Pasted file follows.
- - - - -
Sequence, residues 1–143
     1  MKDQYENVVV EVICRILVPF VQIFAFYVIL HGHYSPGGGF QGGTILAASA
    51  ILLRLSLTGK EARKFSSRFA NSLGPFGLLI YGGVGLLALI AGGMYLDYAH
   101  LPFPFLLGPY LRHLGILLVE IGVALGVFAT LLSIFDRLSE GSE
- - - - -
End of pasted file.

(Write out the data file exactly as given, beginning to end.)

Sequence, residues 1–143
     1  MKDQYENVVV EVICRILVPF VQIFAFYVIL HGHYSPGGGF QGGTILAASA
    51  ILLRLSLTGK EARKFSSRFA NSLGPFGLLI YGGVGLLALI AGGMYLDYAH
   101  LPFPFLLGPY LRHLGILLVE IGVALGVFAT LLSIFDRLSE GSE